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In re Boddie

United States District Court, S.D. Ohio, Eastern Division

August 22, 2017

IN RE KAREN ELAINE BODDIE
v.
FRANK PEES, Chapter 13 Trustee Appellee. JOSEPH S. TANN, JR., Appellant, Bankruptcy No. 07-51645

          OPINION & ORDER

          JAMES L. GRAHAM, UNITED STATES DISTRICT JUDGE.

         This matter is before the Court on Appellant Joseph S. Tann, Jr.'s appeal from a bankruptcy court order. The United States Bankruptcy Court for this district denied Tann's request to lift the automatic stay imposed by federal bankruptcy law. For the reasons more fully described herein, that denial is AFFIRMED.

         I. Factual Background

         Some of the essential background facts in this appeal relate to background bankruptcy law. For example, “[w]hen a bankruptcy petition is filed, § 362(a) of the Bankruptcy Code provides an automatic stay of, among other things, actions taken to realize the value of collateral given by the debtor.” United Sav. Ass'n of Tex. v. Timbers of Inwood Forest Assocs., Ltd., 484 U.S. 365, 369 (1988). Tann wants the bankruptcy court to lift the automatic stay to permit him to pursue a lien for attorneys' fees. The bankruptcy court issued an opinion and order denying Tann's motion to lift the automatic stay. (Bankr. Ct. Op. & Order, Doc. 1-1). The bankruptcy court's decision sits at the confluence of two sets of litigation: (1) the bankruptcy of Karen Elaine Boddie, and (2) a civil claim brought by Boddie against PNC Bank in which she was represented by Joseph Tann (hereinafter the “PNC Claim”). (Bankr. Ct. Op. & Order at 2). The Court reviews the progress of each to describe the nature of today's dispute.

         Karen Boddie filed a voluntary petition under Chapter 13 of the Bankruptcy Code on March 12, 2007. After filing the petition, Boddie acquired additional assets, including the PNC Claim, which she, at least initially, did not properly disclose to the bankruptcy court. Boddie hired Tann to prosecute the PNC Claim, but the bankruptcy court never appointed Tann to perform legal services on behalf of the bankruptcy estate.

         Here's a more detailed timeline of these events. In January 2013, after making payments pursuant to her confirmed Chapter 13 bankruptcy plan, Boddie filed a motion for determination, which asked the bankruptcy court to determine, among other things, whether the PNC Claim was property of the bankruptcy estate. The bankruptcy court found that it was and ordered that Bod-die had no authority to prosecute the PNC Claim on behalf of the estate. (Doc. 4-3 at 2-3). The court further ordered that Boddie could file a motion to employ counsel to prosecute the PNC Claim on behalf of the estate. (Id. at 3). In September 2013, Boddie moved to employ Tann as special counsel to prosecute the PNC Claim, but the bankruptcy court denied the motion. (Order Sustaining Objs., Doc. 4-22). In March 2015, Boddie again moved to employ Tann as an attorney. (Mot. of Karen Elaine Boddie, Doc. 4-41). Again, the Court denied the motion. (Or. Den. Mot., Doc. 4-47).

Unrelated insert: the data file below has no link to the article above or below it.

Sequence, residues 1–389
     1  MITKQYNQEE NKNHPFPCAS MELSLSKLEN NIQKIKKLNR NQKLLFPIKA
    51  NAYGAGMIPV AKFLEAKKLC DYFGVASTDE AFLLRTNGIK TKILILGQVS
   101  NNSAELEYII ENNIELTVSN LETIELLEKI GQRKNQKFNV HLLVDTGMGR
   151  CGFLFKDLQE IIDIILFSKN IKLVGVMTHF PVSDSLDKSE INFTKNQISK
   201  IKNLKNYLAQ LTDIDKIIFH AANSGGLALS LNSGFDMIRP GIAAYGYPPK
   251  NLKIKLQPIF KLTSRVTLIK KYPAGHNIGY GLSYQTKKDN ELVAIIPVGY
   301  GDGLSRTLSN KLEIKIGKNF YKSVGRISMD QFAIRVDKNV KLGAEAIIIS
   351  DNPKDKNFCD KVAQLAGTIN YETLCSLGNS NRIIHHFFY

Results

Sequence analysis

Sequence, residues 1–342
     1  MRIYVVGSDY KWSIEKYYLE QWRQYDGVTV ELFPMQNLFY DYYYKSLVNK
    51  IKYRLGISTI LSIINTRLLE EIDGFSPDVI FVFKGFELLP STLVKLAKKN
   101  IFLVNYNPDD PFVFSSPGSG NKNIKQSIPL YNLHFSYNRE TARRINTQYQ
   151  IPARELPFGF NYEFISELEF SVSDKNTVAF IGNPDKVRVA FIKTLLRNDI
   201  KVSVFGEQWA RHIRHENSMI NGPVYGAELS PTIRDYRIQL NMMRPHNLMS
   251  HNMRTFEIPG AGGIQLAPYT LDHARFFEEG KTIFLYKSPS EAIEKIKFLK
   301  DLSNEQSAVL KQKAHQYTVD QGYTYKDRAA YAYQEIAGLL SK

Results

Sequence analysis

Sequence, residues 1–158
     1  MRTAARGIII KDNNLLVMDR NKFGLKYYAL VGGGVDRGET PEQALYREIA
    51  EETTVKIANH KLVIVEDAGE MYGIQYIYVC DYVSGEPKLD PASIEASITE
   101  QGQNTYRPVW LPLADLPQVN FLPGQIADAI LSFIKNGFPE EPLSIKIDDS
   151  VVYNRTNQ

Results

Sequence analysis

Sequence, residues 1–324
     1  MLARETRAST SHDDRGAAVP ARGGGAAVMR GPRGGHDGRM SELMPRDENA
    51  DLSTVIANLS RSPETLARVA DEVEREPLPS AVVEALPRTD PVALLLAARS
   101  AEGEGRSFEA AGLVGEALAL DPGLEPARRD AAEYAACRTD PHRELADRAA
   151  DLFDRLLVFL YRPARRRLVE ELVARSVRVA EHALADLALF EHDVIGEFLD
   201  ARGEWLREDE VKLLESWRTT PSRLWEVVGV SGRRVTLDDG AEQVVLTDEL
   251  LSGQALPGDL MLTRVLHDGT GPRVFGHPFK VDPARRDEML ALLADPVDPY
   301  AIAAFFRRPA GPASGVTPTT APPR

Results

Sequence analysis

In between the first and second motions to employ Tann as the PNC Claim attorney, the bankruptcy trustee apparently reached a settlement of the PNC Claim. Boddie then threw a wrench in the spokes of the settlement. In between the first and the second orders denying Bod-die's motions to retain Tann as counsel for the PNC Claim, Boddie filed, pro se, a “reply” to the bankruptcy trustee's motion to approve a settlement between the trustee and PNC Bank. The bankruptcy court then denied the trustee's motion to approve the settlement. (Or. Den. Trustee's Mot. Approve Settlement at 2, Doc. 4-43).

         Tann then began filing his own motions with the bankruptcy court. Tann filed an application with the bankruptcy court to permit him to be compensated for his work on the PNC Claim. (Mem. Op. & Order on App. of Tann for Allowance of Compensation for the Period July 19, 2011 Through August 14, 2014, Doc. 4-52). Tann argued that two separate legal principles entitled him to attorney's fees. First, Tann requested compensation under bankruptcy law, specifically 11 U.S.C. § 330(a)(4)(B) and Local Bankruptcy Rule 2016-1. Second, Tann argued that he possessed an attorney-charging lien as authorized by Ohio law. The Bankruptcy court denied Tann's request for compensation, rejecting both arguments that Tann presented. (Mem. Op. & Order at 17, Doc. 4-52). The district court affirmed the order. (Op. & Order of District Ct., Doc. 4-61).